Filarial infection can be acquired only from infective larvae deposited by infective mosquitoes. Therefore, prevention of infection can be achieved either by decreasing contact between humans and vectors or by decreasing the amount of infection the vector can acquire, by treating the human host.
Population: Efforts at filariasis control in populations through reducing the numbers of mosquito vectors have proven largely ineffective. Even when good mosquito control is put in place, the long life-span of the parasite (4-8 years) means that the infection remains in the community for a long period of time, generally longer than intensive vector control efforts can be sustained. More recently, with the advent of extremely effective single-dose, once-yearly, 2-drug treatment regimens (albendazole and either ivermectin or diethylcarbamazine [DEC]), an alternative approach has been taken in an initiative being launched through the World Health Organization to utilize a strategy of yearly mass treatment to all "at risk" populations to eliminate lymphatic filariasis as a public health problem by decreasing microfilariae in the population, thereby interrupting transmission and preventing infection.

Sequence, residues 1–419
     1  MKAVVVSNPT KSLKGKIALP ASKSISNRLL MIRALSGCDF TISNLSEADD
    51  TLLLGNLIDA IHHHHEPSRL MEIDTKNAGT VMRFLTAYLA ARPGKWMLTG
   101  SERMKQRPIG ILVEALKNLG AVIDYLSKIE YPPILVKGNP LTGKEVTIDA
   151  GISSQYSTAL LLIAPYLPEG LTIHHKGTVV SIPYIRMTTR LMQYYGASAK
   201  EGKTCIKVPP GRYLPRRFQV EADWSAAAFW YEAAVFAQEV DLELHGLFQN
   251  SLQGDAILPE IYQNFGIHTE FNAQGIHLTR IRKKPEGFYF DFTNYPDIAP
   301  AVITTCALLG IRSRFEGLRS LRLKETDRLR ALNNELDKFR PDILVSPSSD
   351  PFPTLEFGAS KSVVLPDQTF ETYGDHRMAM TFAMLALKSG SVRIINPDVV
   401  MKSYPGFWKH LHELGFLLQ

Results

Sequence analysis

Individuals: Contact with infected mosquitoes can be decreased through the use of personal repellents, indoor residual spraying bednets or insecticide-impregnated materials. Filariasis was eliminated in the Solomon Islands by indoor residual spryaing with DDR for malaria control in the 1970s. Any intensive vector control activity such as impregnated and preferably long lasting nets (LLNs) and indoor residual spraying can reduce tansmission of W. bancrofi in steering co-endemic with malaria. Alternatively, suggestive evidence from animal models and some limited experience in human populations indicate that a prophylactic regimen of DEC (6 mg/kg per day x 2 days each month) could be effective in preventing the acquisition of infection.